- A ‘deport first, appeal later’ policy was introduced for thousands facing removal and the grounds for appeal were reduced from 17 to four.
Of course, at the time, leading lawyers, landlords’ associations, migrant welfare charities and housing organisations warned that the bill would lead to a real risk of increased homelessness, including of families, and widespread discrimination. For example, the Immigration Law Practitioners Association told May that her plan for millions of private landlords to face “proportionate” fines of up to £3,000 if they fail to conduct checks on the status of tenants was unworkable and unjust - whilst the Residential Landlords Association pointed out that there were potentially 404 types of European identity documents that landlords may need to know about in order to operate the scheme (also warning that some landlords will simply refuse to house migrants for fear of falling foul of the new rules).
In the same way, the government ignored warnings in a prophetic 2014 report by the charity, Legal Action Group. Entitled Chasing status: if not British, then what am I?, it highlighted the plight of thousands of long-term UK residents who were unable to prove their status or had “irregular” status. Referring to the Windrush migrants, the report worried about a “virtually invisible - and rarely acknowledged - group, who can’t easily prove their legal status (because of lost documents or poor government record-keeping) or whose status is ‘irregular’ for a variety of legitimate reasons”. Indeed.
In what was par for the course, a succession of ministers have insisted that the Windrush victims are suffering merely from a failure at official level - not from bad policy in and of itself. David Gauke, the justice secretary, told the BBC’s Andrew Marr show that the flaws were in the implementation, as “it is right that we take illegal immigration seriously”. Of course, he quickly added, “we are not talking about illegal immigrants in the Windrush case - definitely not - but it is “perfectly reasonable” to want to “ensure that when we are providing public services they are being provided to people who are entitled to them.”
This is all complete crap, it goes without saying. The Windrush migrants, and others, are the victims of a cruel and rotten policy that originated from the highest levels of government - the result of of which was eminently predictable. Amber Rudd, the current home secretary, is trying to act contrite now - claiming in parliament on April 23 that she was “concerned that the home office has become too concerned with policy and strategy and sometimes loses sight of the individual”. Very touching.
But, unfortunately for her, she was exposed as the cynical hypocrite she is by a four-page memo leaked to The Guardian and written just months before long-settled Windrush migrants were threatened with deportation. In very aggressive language, she had pledged to escalate the “hostile environment” created by her predecessor by setting out her “ambitious” plan to increase removals of 10% more people than May ever managed and “focus” officials on “arresting, detaining and forcibly removing illegal migrants”. At the same time she would “ruthlessly” prioritise home office resources for the programme, partly by switching money for crime-fighting to her immigration enforcement programme. Her goal implied that she wanted to throw out an extra 4,000 migrants every year. Finally, she wrote:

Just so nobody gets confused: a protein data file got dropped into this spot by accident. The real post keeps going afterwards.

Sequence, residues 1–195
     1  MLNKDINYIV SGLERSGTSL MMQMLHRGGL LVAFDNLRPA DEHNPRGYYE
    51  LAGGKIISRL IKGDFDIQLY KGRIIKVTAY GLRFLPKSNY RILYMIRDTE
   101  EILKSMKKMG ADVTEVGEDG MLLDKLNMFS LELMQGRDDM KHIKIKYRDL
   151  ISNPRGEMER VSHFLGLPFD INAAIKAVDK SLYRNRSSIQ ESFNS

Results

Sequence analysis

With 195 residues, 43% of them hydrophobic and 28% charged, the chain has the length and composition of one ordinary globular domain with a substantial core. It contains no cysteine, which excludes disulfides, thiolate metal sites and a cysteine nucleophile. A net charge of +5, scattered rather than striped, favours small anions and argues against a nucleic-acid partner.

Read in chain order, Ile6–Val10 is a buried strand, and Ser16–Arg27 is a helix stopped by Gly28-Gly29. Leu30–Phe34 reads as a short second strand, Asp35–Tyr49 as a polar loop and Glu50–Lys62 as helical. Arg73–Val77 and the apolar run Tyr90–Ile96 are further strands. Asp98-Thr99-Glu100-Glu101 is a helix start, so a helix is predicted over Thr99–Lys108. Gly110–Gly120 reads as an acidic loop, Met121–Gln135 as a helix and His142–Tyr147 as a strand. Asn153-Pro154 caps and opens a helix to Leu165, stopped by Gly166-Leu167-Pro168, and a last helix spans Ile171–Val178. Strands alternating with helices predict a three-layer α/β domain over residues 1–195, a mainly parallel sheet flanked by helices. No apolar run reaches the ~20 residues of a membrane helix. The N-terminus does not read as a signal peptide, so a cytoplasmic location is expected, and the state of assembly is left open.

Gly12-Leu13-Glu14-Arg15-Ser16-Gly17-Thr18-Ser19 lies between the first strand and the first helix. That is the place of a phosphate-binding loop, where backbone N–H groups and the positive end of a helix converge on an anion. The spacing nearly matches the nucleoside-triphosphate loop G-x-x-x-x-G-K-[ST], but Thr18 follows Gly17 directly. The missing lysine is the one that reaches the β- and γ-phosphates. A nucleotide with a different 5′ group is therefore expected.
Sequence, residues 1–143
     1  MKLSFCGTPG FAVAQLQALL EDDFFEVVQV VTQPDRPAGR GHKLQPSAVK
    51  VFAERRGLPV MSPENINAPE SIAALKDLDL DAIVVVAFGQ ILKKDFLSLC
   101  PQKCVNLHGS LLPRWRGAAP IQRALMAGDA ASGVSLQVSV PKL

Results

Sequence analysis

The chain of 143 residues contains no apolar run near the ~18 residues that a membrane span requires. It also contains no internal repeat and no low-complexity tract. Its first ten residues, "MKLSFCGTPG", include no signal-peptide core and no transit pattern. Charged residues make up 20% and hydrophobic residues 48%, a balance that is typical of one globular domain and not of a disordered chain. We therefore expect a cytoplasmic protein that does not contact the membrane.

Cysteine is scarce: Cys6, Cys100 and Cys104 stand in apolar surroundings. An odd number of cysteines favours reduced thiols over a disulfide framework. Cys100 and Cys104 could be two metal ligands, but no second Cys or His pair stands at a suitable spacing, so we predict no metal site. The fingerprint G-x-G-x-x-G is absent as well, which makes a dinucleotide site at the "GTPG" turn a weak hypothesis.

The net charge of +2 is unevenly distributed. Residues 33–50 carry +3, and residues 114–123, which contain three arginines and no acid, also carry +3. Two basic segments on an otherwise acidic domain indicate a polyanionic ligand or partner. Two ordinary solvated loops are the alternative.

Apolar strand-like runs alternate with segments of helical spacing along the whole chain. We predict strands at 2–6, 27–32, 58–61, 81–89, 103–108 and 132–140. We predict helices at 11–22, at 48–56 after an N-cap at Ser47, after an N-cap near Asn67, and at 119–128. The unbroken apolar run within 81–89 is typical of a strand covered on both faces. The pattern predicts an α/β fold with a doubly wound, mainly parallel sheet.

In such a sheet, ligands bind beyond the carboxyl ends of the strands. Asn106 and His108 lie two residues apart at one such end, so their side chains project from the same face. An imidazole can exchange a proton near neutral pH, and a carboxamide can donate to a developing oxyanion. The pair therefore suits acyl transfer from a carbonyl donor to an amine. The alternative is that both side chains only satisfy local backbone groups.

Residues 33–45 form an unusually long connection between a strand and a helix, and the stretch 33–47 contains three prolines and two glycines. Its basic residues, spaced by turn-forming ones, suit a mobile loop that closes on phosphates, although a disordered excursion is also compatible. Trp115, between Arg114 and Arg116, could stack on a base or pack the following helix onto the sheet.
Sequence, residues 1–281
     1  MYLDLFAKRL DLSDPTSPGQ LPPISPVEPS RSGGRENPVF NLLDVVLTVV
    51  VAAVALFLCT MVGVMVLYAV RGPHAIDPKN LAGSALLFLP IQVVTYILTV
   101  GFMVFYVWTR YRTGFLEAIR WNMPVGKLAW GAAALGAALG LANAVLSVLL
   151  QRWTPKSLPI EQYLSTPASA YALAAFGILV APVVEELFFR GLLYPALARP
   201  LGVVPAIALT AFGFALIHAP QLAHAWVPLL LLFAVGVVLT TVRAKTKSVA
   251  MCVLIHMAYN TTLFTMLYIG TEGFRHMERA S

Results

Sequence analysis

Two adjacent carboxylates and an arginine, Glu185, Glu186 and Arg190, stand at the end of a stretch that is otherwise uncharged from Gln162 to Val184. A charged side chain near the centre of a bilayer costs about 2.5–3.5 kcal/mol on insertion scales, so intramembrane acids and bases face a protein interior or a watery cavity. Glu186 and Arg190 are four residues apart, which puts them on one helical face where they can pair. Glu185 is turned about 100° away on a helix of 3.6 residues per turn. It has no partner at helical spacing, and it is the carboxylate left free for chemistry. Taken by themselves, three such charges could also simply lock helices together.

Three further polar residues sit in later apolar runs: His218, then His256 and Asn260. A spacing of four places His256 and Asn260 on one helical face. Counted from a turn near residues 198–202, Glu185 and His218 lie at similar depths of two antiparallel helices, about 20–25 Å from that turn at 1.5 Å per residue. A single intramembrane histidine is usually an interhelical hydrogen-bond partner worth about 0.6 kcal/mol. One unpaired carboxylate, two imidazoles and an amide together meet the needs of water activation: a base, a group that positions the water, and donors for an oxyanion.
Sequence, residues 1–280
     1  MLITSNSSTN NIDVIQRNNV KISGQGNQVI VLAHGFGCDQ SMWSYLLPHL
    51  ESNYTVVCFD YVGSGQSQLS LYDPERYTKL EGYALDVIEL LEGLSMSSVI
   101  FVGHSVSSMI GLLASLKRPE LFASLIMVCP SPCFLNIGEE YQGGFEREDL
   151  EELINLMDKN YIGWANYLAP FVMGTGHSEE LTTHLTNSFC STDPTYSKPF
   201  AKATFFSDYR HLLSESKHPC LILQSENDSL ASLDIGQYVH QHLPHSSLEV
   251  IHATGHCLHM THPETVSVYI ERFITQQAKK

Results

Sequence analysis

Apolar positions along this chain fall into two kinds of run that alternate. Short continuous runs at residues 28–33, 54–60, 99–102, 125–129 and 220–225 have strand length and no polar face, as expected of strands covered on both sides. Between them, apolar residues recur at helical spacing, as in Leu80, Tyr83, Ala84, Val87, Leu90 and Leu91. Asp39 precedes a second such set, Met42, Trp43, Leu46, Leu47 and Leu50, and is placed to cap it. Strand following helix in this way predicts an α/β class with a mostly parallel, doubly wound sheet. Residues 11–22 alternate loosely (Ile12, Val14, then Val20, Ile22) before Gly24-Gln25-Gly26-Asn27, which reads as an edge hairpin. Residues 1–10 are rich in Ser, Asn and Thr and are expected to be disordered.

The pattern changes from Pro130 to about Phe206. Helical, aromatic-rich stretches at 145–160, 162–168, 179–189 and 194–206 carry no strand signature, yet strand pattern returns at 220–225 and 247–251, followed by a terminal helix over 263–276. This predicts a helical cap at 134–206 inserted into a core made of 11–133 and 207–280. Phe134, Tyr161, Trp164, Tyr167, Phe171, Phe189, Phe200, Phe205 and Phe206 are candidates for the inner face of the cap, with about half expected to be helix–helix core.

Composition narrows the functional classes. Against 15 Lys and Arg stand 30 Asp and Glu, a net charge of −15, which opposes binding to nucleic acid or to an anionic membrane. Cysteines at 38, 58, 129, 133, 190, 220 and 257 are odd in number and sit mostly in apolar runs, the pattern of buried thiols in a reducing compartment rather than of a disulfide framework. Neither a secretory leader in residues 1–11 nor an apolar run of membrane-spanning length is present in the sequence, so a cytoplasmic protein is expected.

illegal and would-be illegal migrants, and the public more widely, need to know that our immigration system has ‘teeth’, and that if people do not comply on their own we will enforce their return, including through arresting and detaining them (my emphasis).
The “nasty party” at work.
Anyhow, Theresa May has been forced to issue a grovelling apology about how “genuinely sorry” she is for the “anxiety” caused to those threatened with deportation, and has declared that anyone treated “unfairly” will receive “speedy” compensation - though what form this will take, or how much and when, remains mysterious. Similar crocodile tears came from Amber Rudd, who told the Commons she recognised the “harrowing” experiences of Caribbean migrants and was “determined” to right the wrongs that had taken place - firstly by granting British citizenship to the Windrush generation, who will doubtless be thrilled to be given something they thought they already had.
As part of the home office’s new-found humanitarian spirit, it will now waive citizenship fees for the Windrush generation and their families and any charges for returning to the UK for those who had retired to their countries of origin after making their lives here - it will also scrap the ridiculous language and British knowledge tests. In theory, though we wait to see, the free citizenship offer will apply not just to Windrush families, but anyone from other Commonwealth states who settled in the UK over the same period - just as a growing number of cases of home office mistreatment of non-Caribbean Commonwealth-born citizens are beginning to emerge, involving individuals from India, Kenya, Cyprus and Canada.3
In terms of the Windrush generation, it is quite a spectacle to see people that Enoch Powell specifically targeted as a mortal threat to the nation - who if allowed to stay would unleash “rivers of blood” - now praised as a national treasure. Can we hear someone turning in their grave?
The Windrush scandal should also make us think about what life is like for the present generation of migrants. Can they or their children go back for a funeral or wedding in Brazil, Nigeria, Syria or Turkey - then return to the UK without facing an impossible hassle from immigration officials? Or will they be barred or detained? Meanwhile, those who are here live a precarious life, are forced into the worst-paid section of the working class and into the hands of criminal and semi-criminal elements.
Communists aim for the assimilation of migrants into British society - inevitably a two-way process of change. Communists also want to see free movement and the abolition of anti-migrant laws. Anyone who has been resident in the country for six months ought to have the right to take up citizenship.